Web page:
Dear Alumni and Friends,

The University of Chicago Campaign: Inquiry and Impact, which ended on December 31, 2019, exceeded all expectations. We thank you, our generous friends. The Division of the Humanities raised $148.1 million, surpassing its original goal of $130 million, as well as its revised and expanded goal of $140 million.

Your support has provided our community with opportunities that have immeasurably enriched the division, including professorships, increased funds for teaching and research, high-profile lectures, and exciting additions to our arts offerings. Because of the campaign, the Randy L. and Melvin R. Berlin Family Lectures are able to bring distinguished artists, writers, and scholars to campus, elucidating fascinating contemporary literature, artwork, and architecture. The Joyce Z. and Jacob Greenberg Center for Jewish Studies continues the legacy of the University’s first president, Hebrew bible specialist William Rainey Harper, by underwriting visiting scholars and lectures on Jewish history and culture.

Likewise, the Wilhelm von Humboldt Performance Fund promises intriguing annual concerts to rival this year’s inaugural recital by piano duo Yaara Tal and Andreas Groethuysen. The Humanities Teaching Fellows program gives our new PhDs time to emerge from their dissertations, launch their initial publications, and burnish their teaching credentials.

The Chicago Center for Contemporary Composition (CCCC), the Center for the Art of East Asia, and the Franke Institute for the Humanities continue as indispensable crucibles for critical scholarly interaction, and our research funds have sent students and faculty worldwide to pursue their primary scholarship.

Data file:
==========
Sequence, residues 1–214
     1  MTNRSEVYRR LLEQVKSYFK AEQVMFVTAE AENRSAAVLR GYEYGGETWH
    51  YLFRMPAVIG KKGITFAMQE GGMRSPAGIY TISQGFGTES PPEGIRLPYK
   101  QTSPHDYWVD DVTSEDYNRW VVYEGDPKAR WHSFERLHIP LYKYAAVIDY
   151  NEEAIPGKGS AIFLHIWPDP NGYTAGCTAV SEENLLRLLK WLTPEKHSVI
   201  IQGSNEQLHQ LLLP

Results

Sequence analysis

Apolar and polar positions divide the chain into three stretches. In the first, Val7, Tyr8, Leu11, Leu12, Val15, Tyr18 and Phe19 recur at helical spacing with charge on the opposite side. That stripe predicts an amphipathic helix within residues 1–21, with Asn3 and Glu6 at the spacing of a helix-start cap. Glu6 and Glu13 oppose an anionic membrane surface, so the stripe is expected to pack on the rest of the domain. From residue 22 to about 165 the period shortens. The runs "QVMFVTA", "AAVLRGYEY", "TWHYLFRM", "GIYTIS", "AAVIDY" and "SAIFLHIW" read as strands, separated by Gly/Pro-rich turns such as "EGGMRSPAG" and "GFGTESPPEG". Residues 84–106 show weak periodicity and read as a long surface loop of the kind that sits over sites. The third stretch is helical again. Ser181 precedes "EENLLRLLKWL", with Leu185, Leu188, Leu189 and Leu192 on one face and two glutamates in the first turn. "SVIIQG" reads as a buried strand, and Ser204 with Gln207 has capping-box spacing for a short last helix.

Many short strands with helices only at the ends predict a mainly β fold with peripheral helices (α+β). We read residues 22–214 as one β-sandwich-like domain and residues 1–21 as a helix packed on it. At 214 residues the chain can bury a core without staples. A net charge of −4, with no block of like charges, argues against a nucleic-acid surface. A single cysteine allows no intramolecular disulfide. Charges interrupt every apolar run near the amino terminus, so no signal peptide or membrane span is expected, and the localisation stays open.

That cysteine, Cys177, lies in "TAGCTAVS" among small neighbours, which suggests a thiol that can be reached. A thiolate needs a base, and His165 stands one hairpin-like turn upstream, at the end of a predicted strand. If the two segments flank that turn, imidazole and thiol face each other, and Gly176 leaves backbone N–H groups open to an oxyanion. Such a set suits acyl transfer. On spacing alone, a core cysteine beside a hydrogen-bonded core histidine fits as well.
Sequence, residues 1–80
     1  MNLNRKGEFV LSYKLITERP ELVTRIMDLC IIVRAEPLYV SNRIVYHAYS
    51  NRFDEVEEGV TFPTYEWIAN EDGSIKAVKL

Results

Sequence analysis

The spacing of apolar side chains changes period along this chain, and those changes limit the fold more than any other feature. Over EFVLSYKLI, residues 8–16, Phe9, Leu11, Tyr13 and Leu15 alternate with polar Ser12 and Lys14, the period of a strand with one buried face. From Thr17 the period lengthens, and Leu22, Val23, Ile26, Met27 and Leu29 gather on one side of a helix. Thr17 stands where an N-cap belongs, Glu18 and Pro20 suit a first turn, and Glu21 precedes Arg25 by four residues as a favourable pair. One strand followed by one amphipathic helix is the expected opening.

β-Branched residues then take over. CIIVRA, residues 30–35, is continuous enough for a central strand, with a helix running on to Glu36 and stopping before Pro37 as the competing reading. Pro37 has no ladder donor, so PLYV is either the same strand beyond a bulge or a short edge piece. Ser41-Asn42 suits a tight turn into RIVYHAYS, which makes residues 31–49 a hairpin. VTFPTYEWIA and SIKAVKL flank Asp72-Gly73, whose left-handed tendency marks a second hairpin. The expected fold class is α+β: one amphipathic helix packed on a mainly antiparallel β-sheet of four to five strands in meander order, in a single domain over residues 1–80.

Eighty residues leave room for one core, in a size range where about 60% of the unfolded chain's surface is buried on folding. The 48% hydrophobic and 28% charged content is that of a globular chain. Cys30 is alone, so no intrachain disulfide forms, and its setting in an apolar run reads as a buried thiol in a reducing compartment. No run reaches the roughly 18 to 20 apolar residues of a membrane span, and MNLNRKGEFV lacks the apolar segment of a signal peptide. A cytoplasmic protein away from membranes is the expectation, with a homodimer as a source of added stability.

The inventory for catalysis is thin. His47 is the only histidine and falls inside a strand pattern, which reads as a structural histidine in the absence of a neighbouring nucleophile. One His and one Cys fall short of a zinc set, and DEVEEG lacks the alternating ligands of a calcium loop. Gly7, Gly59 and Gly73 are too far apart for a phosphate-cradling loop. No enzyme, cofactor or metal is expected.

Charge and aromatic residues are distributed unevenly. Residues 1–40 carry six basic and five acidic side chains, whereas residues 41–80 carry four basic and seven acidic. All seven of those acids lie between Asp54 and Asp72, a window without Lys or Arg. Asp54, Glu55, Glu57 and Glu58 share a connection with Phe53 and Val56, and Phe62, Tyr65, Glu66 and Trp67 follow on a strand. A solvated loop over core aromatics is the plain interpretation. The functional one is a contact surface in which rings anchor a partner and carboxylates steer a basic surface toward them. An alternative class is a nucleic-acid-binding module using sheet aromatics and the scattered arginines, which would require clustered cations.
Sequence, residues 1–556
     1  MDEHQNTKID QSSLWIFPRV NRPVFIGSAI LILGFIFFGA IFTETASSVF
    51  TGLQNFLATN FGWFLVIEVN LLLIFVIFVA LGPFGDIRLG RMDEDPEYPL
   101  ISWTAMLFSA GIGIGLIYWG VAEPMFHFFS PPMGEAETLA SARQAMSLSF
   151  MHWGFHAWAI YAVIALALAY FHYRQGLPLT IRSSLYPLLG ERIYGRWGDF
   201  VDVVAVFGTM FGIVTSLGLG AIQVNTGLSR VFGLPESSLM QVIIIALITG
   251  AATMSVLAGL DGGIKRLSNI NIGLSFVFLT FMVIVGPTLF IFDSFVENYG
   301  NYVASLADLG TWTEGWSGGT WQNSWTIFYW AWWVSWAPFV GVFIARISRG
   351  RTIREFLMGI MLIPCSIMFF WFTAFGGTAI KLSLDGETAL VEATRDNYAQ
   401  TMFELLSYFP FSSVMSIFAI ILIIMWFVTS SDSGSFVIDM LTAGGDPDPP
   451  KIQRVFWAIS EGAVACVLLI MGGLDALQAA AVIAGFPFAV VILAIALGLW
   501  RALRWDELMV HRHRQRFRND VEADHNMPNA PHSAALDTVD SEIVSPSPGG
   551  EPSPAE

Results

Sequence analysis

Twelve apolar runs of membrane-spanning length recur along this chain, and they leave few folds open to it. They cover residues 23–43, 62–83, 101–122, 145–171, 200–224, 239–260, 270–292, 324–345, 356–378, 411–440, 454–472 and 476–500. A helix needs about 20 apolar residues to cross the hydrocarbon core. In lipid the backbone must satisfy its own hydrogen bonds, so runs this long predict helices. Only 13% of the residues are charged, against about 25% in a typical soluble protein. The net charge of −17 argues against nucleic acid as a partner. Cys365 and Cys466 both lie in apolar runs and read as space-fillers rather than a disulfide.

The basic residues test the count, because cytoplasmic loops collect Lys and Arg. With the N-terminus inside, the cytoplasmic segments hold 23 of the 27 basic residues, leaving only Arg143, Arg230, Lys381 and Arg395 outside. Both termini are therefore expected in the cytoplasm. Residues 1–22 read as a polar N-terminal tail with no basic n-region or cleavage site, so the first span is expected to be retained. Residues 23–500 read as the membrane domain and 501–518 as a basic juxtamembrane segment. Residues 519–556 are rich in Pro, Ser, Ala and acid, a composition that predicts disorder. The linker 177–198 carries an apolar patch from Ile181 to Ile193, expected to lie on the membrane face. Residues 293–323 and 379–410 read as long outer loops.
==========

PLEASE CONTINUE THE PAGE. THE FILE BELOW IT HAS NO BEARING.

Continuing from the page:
A few examples will put a face to the impact of your philanthropy. While familiar accounts of the Dreyfus affair have focused on the political and anti-Semitic aspects of the case, Orit Bashkin (Near Eastern Languages and Civilizations) is rewriting the story to take into consideration a broader range of religious perspectives—Muslim and Christian, as well as Jewish. Similarly, Alain Bresson (Classics) is employing digital technologies in his study of currencies in the ancient world. Through a database that connects early texts on trade to ideas about how coins circulated, Bresson uses 3D modeling to illuminate the oldest economies, connecting the humanities and the social sciences.

Our graduate students have likewise benefited enormously from the campaign. The marvelous Grossman Ensemble of the CCCC performed the works of student composers David “Clay” Mettens and Will Myers. Through its commitment to high-caliber performances, the ensemble provides our students with multiple rehearsals and sustained interaction with performers. These features of the CCCC, so essential to helping our young composers establish themselves, are rare in the performing arts world.

I hope illustrating the variety and scope of research and creative work of my colleagues will explain why we are so grateful for your support. As we enter the postcampaign period, I want to ensure that we preserve our distinctive brand of inquiry and impact in the Division of the Humanities. I count myself fortunate to collaborate with you in this effort.

Anne Walters Robertson
Dean, Division of the Humanities
Claire Dux Swift Distinguished Service Professor, Department of Music

P.S. As this issue was going to press, the coronavirus was creating uncertainty in many aspects of our lives and work. I hope that you and your family are safe and healthy.

Photo Creds: 
Photo by John Zich